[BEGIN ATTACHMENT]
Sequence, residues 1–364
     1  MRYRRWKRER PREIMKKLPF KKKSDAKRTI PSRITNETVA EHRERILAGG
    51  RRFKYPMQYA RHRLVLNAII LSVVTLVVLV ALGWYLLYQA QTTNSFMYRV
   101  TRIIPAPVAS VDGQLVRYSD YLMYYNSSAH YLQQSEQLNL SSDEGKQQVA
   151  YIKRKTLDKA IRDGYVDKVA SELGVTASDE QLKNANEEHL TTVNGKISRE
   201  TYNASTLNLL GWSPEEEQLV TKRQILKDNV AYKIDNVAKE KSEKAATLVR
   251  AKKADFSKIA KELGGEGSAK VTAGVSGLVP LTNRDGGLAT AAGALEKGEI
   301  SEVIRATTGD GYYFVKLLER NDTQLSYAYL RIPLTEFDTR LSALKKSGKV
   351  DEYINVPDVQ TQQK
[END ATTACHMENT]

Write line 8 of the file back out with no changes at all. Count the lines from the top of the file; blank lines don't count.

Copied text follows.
   301  SEVIRATTGD GYYFVKLLER NDTQLSYAYL RIPLTEFDTR LSALKKSGKV